Court of Appeals for the Federal Circuit

On July 20, 2017, the United States Court of Appeals for the Federal Circuit in In re OptumInsight denied OptumInsight’s petition for writ of mandamus on privilege waiver. The court held that the District Court for the Northern District of California did not clearly abuse its discretion in evaluating the proper scope of waiver.

The ‘897 patent reexamination. In June 1994, Symmetry Health Data Systems, Inc. (Symmetry) responded to a request for proposal (RFP) from Aetna Life Insurance Co. and offered to license its healthcare analytics software, Symmetry Episode Treatment Group (ETG) Program, to Aetna. More than a year later, Symmetry filed a patent application that claims and describes the ETG Program. During prosecution, Symmetry did not disclose its RFP response regarding the software license to the patent office. Symmetry’s application eventually issued as U.S. Patent No. 5,835,897.

Continue Reading Federal Circuit Says PTO Submissions can Waive Privilege to Future Communications

On July 17, 2017, the United States Court of Appeals for the Federal Circuit reversed, in a precedential opinion in Millennium Pharmaceuticals, Inc. v. Sandoz, Inc., No. 2015-2066 (Fed. Cir. July 17, 2017), a district court ruling that claims of a patent directed to the Velcade® cancer treatment drug compound were invalid as obvious. The Court held that the District of Delaware clearly erred by finding U.S. Patent No. 6,713,446 (the ‘446 patent) prima facie obvious to one of skill in the art, and by misapplying the secondary indicia of unexpected success and long-unmet need.

Continue Reading Federal Circuit Thoroughly Reverses District Court Findings of Velcade® Patent Obviousness

In a move that could drastically change the patent law landscape, the United States Supreme Court recently granted certiorari in Oil States Energy Services LLC v. Greene’s Energy Group LLC, No. 16-712, to answer the question whether the inter partes review (IPR) process violates the U.S. Constitution by “extinguishing private property rights through a non-Article III forum without a jury.”

In 2001, Oil States Energy Services LLC (“Oil States”) was granted U.S. Patent No. 6,179,053 for a lockdown mechanism to ensure a mandrel is locked in an operative position during fracking.  Oil States sued Greene’s Energy Group LLC (“Greene’s Energy”) in the Eastern District of Texas in 2012 for infringing this patent, and in turn, Greene’s Energy petitioned the United States Patent and Trademark Office (USPTO) to institute an IPR on the patent.  This petition was granted. After the proceedings, the Patent Trial and Appeal Board (PTAB), the administrative body of the USPTO that handles IPRs, concluded the challenged patent claims were invalid.  Oil States appealed to the Federal Circuit, which affirmed the decision, and Oil States then petitioned the Supreme Court for certiorari.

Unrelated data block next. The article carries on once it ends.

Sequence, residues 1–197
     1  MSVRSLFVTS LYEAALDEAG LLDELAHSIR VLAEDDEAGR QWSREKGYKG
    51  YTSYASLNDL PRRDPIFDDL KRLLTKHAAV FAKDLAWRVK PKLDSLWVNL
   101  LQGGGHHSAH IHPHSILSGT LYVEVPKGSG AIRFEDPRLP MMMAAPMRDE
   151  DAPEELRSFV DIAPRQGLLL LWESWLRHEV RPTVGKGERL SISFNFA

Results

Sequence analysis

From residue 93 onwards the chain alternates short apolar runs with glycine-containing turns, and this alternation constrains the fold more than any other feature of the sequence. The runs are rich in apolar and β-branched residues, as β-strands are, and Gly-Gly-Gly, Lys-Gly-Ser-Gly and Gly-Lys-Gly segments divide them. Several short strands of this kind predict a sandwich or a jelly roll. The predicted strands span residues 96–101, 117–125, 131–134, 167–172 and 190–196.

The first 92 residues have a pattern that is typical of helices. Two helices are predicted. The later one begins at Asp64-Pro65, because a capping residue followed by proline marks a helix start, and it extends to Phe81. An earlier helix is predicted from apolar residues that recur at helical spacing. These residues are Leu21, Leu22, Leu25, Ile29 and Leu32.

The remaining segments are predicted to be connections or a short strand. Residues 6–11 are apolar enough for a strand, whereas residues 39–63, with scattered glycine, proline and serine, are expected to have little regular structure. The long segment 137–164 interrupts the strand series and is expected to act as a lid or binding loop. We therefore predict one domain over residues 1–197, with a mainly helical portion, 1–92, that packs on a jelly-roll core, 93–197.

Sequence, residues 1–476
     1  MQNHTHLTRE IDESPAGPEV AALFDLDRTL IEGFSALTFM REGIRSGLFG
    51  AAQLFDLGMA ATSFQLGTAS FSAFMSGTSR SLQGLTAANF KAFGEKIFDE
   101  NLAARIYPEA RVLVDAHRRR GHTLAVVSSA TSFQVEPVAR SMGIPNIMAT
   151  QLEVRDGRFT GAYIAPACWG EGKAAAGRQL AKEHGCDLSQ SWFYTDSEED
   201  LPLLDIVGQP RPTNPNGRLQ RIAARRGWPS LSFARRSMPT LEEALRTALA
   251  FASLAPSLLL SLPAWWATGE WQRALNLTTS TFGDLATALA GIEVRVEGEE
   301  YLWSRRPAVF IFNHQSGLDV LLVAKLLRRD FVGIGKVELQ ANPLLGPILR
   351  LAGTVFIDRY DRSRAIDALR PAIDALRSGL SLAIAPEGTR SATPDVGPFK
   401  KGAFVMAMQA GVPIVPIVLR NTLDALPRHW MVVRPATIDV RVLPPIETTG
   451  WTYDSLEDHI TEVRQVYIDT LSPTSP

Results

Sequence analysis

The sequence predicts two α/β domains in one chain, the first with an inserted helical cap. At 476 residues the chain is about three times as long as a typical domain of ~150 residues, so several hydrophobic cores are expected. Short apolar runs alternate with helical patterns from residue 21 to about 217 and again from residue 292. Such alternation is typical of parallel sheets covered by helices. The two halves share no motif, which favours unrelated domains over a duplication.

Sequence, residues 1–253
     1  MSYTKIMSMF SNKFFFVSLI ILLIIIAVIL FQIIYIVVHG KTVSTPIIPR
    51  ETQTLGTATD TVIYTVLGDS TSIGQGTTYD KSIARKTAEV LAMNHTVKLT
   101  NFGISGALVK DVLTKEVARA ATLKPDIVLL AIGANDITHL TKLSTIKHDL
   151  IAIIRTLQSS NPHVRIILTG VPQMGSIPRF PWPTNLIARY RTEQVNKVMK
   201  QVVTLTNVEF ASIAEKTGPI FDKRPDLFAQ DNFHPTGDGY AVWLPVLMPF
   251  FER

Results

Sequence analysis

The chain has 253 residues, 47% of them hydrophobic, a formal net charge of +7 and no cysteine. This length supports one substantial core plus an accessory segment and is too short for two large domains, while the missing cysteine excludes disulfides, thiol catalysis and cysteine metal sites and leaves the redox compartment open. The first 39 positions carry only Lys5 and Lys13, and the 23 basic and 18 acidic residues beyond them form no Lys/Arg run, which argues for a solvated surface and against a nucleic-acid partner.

Continue Reading Supreme Court to Decide the Constitutionality of Inter Partes Review

A flurry of activity from various courts this past week on “exceptional cases” under Section 285 of the Patent Act provided notable guidance for practitioners and patent owners, with a particular emphasis on the motivation and conduct of the litigants. We provide a short synopsis of these cases.

By way of context, in 2014, the Supreme Court in Octane Fitness, LLC v. ICON Health & Fitness, Inc., 134 S. Ct. 1749 (2014), instructed courts to apply a totality of the circumstances test when evaluating whether a case is “exceptional” under 35 U.S.C. § 285. If a case is found to be exceptional within the meaning of the statute, monetary sanctions and fee-shifting may be imposed. This totality of the circumstances analysis was a substantial departure from the previous Federal Circuit tests, which were uniformly viewed as more rigid. Some of the factors the Supreme Court suggested district courts could consider included “frivolousness, motivation, objective unreasonableness (both in the factual and legal components of the case) and the need in particular circumstances to advance considerations of compensation and deterrence.” Our previous discussion of exceptional cases under Section 285 can be found here.

Continue Reading Pumping Up Exceptional Cases Under the Octane Fitness Standard

DC_SupremeCourtIn keeping with recent erosion of patent rights, patent owners’ power to control the post-sale use and sale of their patented products was severely limited this week by the U.S. Supreme Court in the highly anticipated case regarding the patent exhaustion doctrine, Lexmark Int’l, Inc. v. Impression Prods., Inc., No. 15-1189.

As we reported earlier here and here, the Federal Circuit previously provided patent owners with some power to control their patented products—even after an authorized sale.  Specifically, the Federal Circuit held, in an en banc decision, that a patent owner’s patent rights are not exhausted if a patented product is sold with a clearly communicated restriction and that an authorized foreign sale of a product does not exhaust the patent owner’s U.S. patent rights to exclude associated with that product.